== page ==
I'm considering a nitro just because of flight times. I would be able to get more training/practice time in with it. I would love have twins of the 600efl, only one being nitro. The nitro version looks a lot different, though, but I'm sure it can be converted to look very similar with the pro canopy and all that jazz. The new pro lineup from align is a sexy one for sure :thumbup:

MrHeliNewbie
04-03-2012, 05:09 PM
I hear ya.
I spent some time tuning up the Nitro's over the weekend ! Cleaning them up from setting, removing the after run, changed out the glow plugs, flushed the lines and tank, fueled and tuned.

CAN YOU SAY I'M READY ! :thumbup:

tmodelli
04-04-2012, 10:48 PM
My first Heli was a 600N. i loved it. made it very tame and easy to fly (and learn). I don't get this whole thing about tuning and such. Glow tuning is only needed once, and off you go, unless you are traveling all over the place.

I think it is easier to learn on Nitro, since you can get more back-to-back, and the cost to enter is cheaper, not to count the cheap price of an used 600N.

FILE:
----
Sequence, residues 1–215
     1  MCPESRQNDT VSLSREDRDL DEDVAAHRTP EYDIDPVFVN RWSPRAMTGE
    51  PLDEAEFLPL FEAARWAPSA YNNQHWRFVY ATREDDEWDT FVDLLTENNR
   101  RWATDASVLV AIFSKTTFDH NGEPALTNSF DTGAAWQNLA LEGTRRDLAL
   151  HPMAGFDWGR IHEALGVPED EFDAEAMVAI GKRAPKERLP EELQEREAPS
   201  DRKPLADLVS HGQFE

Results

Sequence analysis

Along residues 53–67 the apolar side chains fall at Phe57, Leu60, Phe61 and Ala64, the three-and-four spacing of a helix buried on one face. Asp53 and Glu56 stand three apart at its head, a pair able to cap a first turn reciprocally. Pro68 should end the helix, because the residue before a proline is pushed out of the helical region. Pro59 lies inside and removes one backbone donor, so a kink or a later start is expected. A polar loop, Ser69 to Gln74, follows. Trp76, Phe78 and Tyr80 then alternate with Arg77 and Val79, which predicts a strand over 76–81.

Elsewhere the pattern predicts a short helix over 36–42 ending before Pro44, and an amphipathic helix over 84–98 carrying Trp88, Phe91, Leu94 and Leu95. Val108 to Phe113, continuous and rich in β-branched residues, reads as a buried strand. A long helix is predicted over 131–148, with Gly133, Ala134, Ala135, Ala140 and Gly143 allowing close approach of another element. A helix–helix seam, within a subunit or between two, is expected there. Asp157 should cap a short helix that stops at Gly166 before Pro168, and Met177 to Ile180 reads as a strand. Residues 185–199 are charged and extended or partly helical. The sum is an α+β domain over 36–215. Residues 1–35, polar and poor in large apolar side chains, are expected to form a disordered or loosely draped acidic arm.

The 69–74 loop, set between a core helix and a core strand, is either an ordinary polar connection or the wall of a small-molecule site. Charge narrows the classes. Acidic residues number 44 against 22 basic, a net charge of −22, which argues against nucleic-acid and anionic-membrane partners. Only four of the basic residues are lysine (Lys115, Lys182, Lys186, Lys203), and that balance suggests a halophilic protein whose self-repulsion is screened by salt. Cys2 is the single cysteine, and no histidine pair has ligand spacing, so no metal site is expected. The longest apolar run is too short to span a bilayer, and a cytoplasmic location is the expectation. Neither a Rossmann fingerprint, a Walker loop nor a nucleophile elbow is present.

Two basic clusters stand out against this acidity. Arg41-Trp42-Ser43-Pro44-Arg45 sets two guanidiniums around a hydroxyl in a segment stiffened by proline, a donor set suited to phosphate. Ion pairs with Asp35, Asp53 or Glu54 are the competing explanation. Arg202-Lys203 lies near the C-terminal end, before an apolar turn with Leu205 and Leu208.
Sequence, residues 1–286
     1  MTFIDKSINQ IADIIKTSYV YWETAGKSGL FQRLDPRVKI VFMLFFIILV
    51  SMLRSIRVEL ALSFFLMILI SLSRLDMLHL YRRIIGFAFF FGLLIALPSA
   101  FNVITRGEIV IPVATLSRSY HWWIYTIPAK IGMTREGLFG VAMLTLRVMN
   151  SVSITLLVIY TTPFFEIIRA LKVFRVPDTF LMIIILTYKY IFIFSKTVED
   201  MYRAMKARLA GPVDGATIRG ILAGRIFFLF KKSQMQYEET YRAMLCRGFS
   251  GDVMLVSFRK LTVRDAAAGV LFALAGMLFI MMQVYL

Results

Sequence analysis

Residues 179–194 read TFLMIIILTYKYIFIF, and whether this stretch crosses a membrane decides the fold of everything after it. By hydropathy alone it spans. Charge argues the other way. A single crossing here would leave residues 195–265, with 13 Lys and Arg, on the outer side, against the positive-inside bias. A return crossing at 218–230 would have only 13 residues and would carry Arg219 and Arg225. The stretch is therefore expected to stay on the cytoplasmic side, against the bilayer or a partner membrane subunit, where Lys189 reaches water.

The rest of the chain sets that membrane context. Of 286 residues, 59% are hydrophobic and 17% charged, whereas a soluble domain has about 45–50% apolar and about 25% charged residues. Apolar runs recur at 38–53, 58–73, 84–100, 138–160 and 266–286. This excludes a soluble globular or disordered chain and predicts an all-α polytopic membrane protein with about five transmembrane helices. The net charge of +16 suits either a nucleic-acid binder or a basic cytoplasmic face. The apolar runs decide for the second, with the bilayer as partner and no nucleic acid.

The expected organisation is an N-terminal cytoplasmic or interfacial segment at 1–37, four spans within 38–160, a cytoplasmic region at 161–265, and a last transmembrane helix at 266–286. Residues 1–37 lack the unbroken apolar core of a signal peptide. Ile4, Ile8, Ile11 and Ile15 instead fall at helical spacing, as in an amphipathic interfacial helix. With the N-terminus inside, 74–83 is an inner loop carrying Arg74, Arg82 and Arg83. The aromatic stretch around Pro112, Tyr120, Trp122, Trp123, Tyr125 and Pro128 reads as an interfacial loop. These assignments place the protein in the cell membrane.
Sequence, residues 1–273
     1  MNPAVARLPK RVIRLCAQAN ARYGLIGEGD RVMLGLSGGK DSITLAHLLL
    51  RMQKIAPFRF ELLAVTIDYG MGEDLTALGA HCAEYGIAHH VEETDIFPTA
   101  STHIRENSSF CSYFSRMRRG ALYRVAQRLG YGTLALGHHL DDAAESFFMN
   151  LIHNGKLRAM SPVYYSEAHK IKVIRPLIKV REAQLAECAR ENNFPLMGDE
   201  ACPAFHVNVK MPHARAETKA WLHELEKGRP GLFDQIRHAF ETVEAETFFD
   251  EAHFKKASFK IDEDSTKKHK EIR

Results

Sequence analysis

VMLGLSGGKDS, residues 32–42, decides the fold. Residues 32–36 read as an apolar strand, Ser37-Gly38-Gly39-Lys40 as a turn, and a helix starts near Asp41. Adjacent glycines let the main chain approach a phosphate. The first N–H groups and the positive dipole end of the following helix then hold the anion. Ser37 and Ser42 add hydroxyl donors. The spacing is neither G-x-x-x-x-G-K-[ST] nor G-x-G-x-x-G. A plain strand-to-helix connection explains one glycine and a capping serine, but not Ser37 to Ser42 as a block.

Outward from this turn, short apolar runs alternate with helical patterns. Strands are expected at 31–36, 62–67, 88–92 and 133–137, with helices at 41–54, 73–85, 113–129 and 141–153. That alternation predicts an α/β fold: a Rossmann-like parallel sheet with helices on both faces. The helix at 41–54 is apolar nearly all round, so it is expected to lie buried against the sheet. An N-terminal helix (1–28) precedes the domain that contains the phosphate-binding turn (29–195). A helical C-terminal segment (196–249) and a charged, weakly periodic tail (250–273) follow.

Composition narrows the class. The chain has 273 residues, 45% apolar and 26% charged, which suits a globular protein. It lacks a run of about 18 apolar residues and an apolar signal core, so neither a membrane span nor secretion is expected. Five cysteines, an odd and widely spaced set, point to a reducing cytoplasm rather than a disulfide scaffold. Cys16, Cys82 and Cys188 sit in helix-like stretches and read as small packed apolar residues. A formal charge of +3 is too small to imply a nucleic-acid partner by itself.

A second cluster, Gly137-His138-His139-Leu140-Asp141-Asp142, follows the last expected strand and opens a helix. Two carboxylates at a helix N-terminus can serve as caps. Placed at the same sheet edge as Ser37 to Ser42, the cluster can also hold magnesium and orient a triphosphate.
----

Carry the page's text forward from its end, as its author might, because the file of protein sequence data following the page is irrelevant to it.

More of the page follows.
However, i'm switching to all electrics now, just because the field i'm flying is electrics only at this point, and also the cost of nitro. But i ended up having to buy a small generator since the field doesn't have AC. So, at the end of the day, we isn't cheap in any way.

I think electrics are not as mature as the nitro lineup. take a look at how many issues we have with ESCs and BECs blowing up and catching on fire all the time. Even Jazz are having issues with the latest power plants. But, at the end of the day, i'm switching my whole fleet to electrics only.

One other question that I have for you is this:
* is your plan to push the envelope and get good at 3D, or
* is it to enjoy flying and let things go at their own pace?

If option number 1 is true, go with electric, and with a single heli model (get 2 of the same and be done). Different Helis flies differently, and that actually isn't good.

If option 2 is your cup of tea, then it doesn't matter. Choose the one that people flies most at your field as It will make it easier for you.

But at the end of the day, I do believe everybody should have owned at least one Nitro. nothing like the smell of burning nitro in the morning.